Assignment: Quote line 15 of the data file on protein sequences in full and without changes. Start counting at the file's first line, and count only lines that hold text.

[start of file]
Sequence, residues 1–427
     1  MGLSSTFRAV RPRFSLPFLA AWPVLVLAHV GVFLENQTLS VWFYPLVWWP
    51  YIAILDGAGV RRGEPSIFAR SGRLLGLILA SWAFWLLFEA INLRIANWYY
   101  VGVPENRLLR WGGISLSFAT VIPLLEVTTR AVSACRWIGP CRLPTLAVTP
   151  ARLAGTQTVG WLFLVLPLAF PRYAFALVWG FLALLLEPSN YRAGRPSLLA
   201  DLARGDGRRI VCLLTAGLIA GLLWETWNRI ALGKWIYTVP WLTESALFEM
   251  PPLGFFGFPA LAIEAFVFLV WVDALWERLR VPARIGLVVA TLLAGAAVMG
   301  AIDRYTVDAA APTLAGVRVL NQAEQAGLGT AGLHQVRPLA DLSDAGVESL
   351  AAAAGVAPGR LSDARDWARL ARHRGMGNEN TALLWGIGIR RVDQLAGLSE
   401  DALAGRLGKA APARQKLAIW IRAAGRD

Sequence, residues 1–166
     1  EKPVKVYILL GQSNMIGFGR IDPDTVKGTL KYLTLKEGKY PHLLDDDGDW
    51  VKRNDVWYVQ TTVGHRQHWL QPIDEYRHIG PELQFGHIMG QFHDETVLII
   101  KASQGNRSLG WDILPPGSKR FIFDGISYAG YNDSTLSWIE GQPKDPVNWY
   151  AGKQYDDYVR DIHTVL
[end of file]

   151  AGKQYDDYVR DIHTVL